LET’S JUST FORGET THE ALAMO. When an American businessman from Dallas began a speech to a group of Mexican hosts with “Even though our two countries in the past have had disagreements…,” Irene Zucker cringed inside. “I felt embarrassed,” says Ms. Zucker, who teaches a course titled “Fundamentals of Mexican Business & Social Etiquette” in Dallas. The perpetrator appeared unaware of his lapse, she adds.

PERSONAL SPACE CULTURAL CLASH. At another conference, Ms. Zucker watched a complex social dance during a conversation between three Spaniards and an American. “They started out three feet apart,” she says. “Then the Spaniards moved in. As they moved closer to the American, he slowly retreated. They eventually crossed about 15 feet.”

LOSING FACE: Paul Lashin, vice president of a Long Island dealer of metal-working machinery, wins the prize for most embarrassing moment. In Tokyo, he had just sat down to dinner with his hosts. He stuck his chopsticks into the rice, sticking them straight up. “We were in the middle of a heavy discussion,” says Mr. Lashin. “It just came to a dead halt.” As Mr. Lashin learned that day, placing chopsticks directly upward facing the sky carries a deep meaning in Asian culture. “It’s a ceremonial goodbye to the dead in a funeral ceremony,” he says. “I took them down and lost my appetite.”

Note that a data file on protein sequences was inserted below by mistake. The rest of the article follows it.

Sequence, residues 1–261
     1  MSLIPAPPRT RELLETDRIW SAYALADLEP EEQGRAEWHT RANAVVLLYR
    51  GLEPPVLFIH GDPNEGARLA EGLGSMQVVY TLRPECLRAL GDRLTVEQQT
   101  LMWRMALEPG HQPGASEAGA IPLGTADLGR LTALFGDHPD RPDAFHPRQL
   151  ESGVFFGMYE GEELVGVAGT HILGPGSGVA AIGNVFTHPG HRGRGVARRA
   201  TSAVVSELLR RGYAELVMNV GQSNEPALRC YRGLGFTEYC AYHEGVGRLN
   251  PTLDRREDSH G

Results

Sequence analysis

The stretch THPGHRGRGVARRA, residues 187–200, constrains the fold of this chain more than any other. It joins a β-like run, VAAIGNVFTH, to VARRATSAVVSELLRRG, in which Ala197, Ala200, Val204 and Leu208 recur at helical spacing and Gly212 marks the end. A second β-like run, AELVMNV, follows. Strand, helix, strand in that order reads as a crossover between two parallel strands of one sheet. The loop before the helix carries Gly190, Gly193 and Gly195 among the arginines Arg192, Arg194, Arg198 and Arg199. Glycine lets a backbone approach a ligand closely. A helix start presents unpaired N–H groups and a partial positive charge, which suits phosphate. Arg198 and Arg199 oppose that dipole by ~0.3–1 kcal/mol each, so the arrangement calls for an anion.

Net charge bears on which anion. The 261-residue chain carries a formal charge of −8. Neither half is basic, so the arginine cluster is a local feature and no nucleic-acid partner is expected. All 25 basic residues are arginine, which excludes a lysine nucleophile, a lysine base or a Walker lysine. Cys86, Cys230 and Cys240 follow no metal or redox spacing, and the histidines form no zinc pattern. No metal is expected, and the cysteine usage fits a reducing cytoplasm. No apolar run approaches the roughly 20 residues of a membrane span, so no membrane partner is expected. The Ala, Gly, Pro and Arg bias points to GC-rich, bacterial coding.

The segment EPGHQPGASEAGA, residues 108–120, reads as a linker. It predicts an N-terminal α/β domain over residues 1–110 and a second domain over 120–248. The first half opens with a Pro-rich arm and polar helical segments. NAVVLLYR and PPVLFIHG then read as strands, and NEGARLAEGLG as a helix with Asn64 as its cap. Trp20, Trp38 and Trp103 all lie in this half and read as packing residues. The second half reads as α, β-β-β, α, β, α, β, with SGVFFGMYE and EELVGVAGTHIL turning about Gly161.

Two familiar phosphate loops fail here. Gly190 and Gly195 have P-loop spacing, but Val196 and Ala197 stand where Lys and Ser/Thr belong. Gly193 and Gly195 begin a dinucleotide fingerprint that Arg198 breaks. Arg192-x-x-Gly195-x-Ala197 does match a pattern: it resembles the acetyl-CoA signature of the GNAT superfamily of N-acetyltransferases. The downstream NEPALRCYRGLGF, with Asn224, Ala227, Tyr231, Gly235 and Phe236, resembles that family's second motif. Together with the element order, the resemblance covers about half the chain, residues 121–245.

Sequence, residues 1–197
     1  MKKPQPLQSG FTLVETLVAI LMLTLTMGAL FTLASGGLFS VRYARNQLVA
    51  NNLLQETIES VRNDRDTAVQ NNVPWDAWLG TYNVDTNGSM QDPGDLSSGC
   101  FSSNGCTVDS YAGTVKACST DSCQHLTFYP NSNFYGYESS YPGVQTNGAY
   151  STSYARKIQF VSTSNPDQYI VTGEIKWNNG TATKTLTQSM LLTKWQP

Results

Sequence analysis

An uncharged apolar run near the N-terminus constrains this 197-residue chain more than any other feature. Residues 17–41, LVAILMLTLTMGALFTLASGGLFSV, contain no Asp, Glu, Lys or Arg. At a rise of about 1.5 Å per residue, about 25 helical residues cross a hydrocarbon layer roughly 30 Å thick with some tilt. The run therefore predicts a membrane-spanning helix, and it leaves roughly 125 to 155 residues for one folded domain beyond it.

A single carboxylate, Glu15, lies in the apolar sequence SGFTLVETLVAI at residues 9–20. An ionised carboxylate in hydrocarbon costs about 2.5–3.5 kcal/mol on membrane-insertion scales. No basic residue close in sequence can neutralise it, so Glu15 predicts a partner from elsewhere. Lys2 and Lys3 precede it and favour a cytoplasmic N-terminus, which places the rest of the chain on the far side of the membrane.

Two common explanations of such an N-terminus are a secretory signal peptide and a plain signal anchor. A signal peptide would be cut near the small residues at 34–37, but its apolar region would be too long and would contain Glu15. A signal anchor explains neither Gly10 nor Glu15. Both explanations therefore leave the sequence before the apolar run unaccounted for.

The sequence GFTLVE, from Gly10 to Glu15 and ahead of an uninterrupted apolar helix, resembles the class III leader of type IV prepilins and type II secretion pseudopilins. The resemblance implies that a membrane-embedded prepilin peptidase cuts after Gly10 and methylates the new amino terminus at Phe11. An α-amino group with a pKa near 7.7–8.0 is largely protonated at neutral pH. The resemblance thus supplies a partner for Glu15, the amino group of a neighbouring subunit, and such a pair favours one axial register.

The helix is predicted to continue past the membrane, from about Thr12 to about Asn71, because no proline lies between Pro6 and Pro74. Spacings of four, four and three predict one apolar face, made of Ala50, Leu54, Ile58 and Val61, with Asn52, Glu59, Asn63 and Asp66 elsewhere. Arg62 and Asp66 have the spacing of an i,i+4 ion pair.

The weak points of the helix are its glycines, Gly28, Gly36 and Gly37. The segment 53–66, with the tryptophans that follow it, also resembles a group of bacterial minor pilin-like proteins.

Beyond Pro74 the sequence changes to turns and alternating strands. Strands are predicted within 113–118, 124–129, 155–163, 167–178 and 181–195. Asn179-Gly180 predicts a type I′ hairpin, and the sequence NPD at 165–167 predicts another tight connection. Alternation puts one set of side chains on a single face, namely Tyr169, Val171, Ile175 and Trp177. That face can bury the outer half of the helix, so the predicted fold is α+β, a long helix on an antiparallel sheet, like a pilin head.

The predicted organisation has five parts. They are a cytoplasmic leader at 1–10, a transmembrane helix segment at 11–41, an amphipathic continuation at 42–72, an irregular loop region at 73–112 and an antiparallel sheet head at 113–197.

THE STRANGER THE FOOD GETS, THE MORE IT TASTES THE SAME. In Beijing, “A waiter brought live baby mice to my table, cooked them in a vat of cooking oil and proceeded to serve them to me,” says Terri Morrison, president of Getting Through Customs, a software and training company in Malvern, Pa. Nonplused by the local delicacy, she also ate scorpions. “They tasted like chicken,” she says. “Actually, they were very similar to the fried grasshoppers I ate in Mexico.”